To know if your home currently has enough insulation, contact your local contractor to find out the recommended insulation levels for various parts of a home in your area. They will be able to tell you if your home meets the recommended R-Values for ceilings, walls and floors.

In order of cost-effectiveness for an existing home, it generally pays to insulate first your attic or roof, second your foundation or floor, third your windows, and last, your walls. If you are unsure of where to begin, you may want to take advantage of Georgia Power’s free in-home energy audit or consider having a BPI Assessment performed on your home by one of Georgia Power’s program participating contractors.


A. Your team at Georgia Power can run rate analyses that compare your usage against available rates and help you decide the rate that’s best for your home. Contact us for more details.

Q. How do you insulate windows?

Posted on August 2012

A. Single pane glass windows are virtually thermal holes in your walls. Having R-Values of roughly 1, they allow 19 times more heat to escape than an R-13 wall surrounding them. If you have lots of windows, insulating them could be one of your best energy improvements. However, keep in perspective how much you can improve them and still see through them. Adding another layer of glass raises their R-Value to just over 2, meaning now they are only losing 9 times as much heat as the insulated wall. Triple glazing can bring a window’s R-Value up to 3, but because of their expense they are only cost justified in severe climates. Storm windows can also be added to existing windows. They add a second layer of glass, halve the energy loss through the windows and often reduce infiltration through cracks in the old window casings. Of course, it would be better to have double-pane windows in the first place. Using double-pane windows to begin with brings three additional comfort advantages which some find more valuable than the energy savings. The first is the reduced noise provided by insulated windows. The second is less infiltration of dust and pollen. And the third is that insulated windows are warmer to the touch, which has a significant effect on body comfort. Because our bodies radiate heat toward cold surfaces even when they are several feet away, a cold window makes one feel colder.


A. To properly protect your sensitive electronic equipment you must construct a barrier around it much like you would put a fence around your home. Since you usually can’t prevent the things like lightning that damage your home electronics, you must keep these conditions from getting to your important equipment. Every piece of electrical equipment in your home needs a barrier. Just as it would be silly to dead bolt your front door, then leave the windows wide open, the same is true of your electrical equipment. Every avenue to the outside world must be protected—power, phone, cable, data and control lines must all be protected or your equipment will be vulnerable to damage.
Begin power protection at the main power entrance, the point where your power, cable and phone lines enter the house. By installing a high-energy surge protection device at this location, you can knock down the first wave of high voltage spikes entering your home. Most contractors call these lightning arrestors. But, don’t confuse these devices with a lightning rod. Lightning rods are installed to protect the house from physical damage in case of a direct hit. They won’t protect electrical equipment inside the home. The lightning arrestor is a device that helps divert damaging surges away from your electrical system and out through your ground rod. The cable TV line will probably enter your home near the main power entrance as well. It’s best to have all of your utilities enter your home at one point because it allows you to tie all of their ground rods together to form a single grounding system. This is required by some codes but it’s often overlooked by cable installers. Unless all of your equipment ties into a single ground, protection against surges won’t be as effective.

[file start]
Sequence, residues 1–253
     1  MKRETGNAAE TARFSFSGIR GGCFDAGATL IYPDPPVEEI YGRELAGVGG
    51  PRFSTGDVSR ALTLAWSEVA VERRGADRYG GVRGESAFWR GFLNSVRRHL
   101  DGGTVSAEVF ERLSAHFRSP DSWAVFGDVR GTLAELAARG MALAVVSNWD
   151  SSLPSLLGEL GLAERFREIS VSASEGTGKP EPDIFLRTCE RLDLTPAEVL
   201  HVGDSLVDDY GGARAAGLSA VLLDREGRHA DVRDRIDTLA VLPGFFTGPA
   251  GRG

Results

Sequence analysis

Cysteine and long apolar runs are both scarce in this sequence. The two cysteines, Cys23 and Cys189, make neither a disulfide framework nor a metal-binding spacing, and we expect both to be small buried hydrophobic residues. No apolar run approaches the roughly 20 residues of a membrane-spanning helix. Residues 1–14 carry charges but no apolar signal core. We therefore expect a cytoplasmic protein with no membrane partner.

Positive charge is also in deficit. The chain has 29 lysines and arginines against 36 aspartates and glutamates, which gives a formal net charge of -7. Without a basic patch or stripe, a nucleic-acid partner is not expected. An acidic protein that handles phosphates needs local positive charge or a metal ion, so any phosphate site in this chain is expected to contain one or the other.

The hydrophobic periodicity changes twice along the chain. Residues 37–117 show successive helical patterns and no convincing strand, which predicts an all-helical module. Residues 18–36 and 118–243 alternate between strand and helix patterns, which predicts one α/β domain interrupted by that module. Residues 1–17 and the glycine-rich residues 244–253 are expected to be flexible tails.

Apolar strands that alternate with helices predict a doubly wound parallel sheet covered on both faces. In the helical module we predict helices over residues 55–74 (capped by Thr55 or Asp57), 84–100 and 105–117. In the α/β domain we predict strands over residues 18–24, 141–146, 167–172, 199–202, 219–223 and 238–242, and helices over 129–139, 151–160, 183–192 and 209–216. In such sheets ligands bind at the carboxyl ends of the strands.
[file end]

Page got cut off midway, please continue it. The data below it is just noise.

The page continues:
Moving inside your home, the television, DVD, DVR, CD player and stereo system represent a considerable investment, and they can be easily damaged by spikes. Each should be plugged into a plug-in surge protector. Use a protector that has multiple outlets allowing one device to protect your entire entertainment center. If you have cable service, the lead into the house should be surge-protected as well. Everything should be protected. If you protect your stereo but leave the CD player unprotected, the connection between the two devices provides a path for spikes. Some appliances containing electronic controls (i.e. microwave ovens) may also require surge protection. Make sure you use a surge protector designed for “heavy duty use”. There are surge protectors designed especially for microwaves.
Telephones and answering machines are some of the most commonly damaged devices in the home. A plug-in surge suppressor should be used to protect the power and phone line inputs. A common mistake is protecting only the power line. This does not provide adequate protection. Using a device that contains both protection elements in a single package is best and ensures system compatibility. These devices will have inputs for the phone line and the electric plug. If either line goes directly to the equipment, the equipment is not completely protected.
To prevent the flashing “12:00″ problem, look for clocks and DVD players with built-in battery back-up. Battery back-ups are not designed to keep the unit operating during a power outage, but it will preserve the memory and settings so they will still be there when the power comes back on.


44 Expert Q&A related to Renter